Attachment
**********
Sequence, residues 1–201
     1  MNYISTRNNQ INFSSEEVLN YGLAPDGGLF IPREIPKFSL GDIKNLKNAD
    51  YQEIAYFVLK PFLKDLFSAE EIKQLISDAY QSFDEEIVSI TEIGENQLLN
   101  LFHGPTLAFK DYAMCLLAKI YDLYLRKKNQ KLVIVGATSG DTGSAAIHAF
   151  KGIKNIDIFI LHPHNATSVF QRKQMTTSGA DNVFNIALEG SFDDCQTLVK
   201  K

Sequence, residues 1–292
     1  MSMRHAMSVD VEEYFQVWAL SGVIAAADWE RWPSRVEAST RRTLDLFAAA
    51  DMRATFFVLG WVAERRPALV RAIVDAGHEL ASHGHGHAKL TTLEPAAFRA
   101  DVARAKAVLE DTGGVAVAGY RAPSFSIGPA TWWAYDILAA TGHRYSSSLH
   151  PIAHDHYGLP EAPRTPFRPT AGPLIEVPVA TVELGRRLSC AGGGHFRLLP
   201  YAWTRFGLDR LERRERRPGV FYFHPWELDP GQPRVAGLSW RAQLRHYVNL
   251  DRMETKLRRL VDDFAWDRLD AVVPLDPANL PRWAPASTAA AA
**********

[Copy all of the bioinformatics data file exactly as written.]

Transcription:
Sequence, residues 1–201
     1  MNYISTRNNQ INFSSEEVLN YGLAPDGGLF IPREIPKFSL GDIKNLKNAD
    51  YQEIAYFVLK PFLKDLFSAE EIKQLISDAY QSFDEEIVSI TEIGENQLLN
   101  LFHGPTLAFK DYAMCLLAKI YDLYLRKKNQ KLVIVGATSG DTGSAAIHAF
   151  KGIKNIDIFI LHPHNATSVF QRKQMTTSGA DNVFNIALEG SFDDCQTLVK
   201  K

Sequence, residues 1–292
     1  MSMRHAMSVD VEEYFQVWAL SGVIAAADWE RWPSRVEAST RRTLDLFAAA
    51  DMRATFFVLG WVAERRPALV RAIVDAGHEL ASHGHGHAKL TTLEPAAFRA
   101  DVARAKAVLE DTGGVAVAGY RAPSFSIGPA TWWAYDILAA TGHRYSSSLH
   151  PIAHDHYGLP EAPRTPFRPT AGPLIEVPVA TVELGRRLSC AGGGHFRLLP
   201  YAWTRFGLDR LERRERRPGV FYFHPWELDP GQPRVAGLSW RAQLRHYVNL
   251  DRMETKLRRL VDDFAWDRLD AVVPLDPANL PRWAPASTAA AA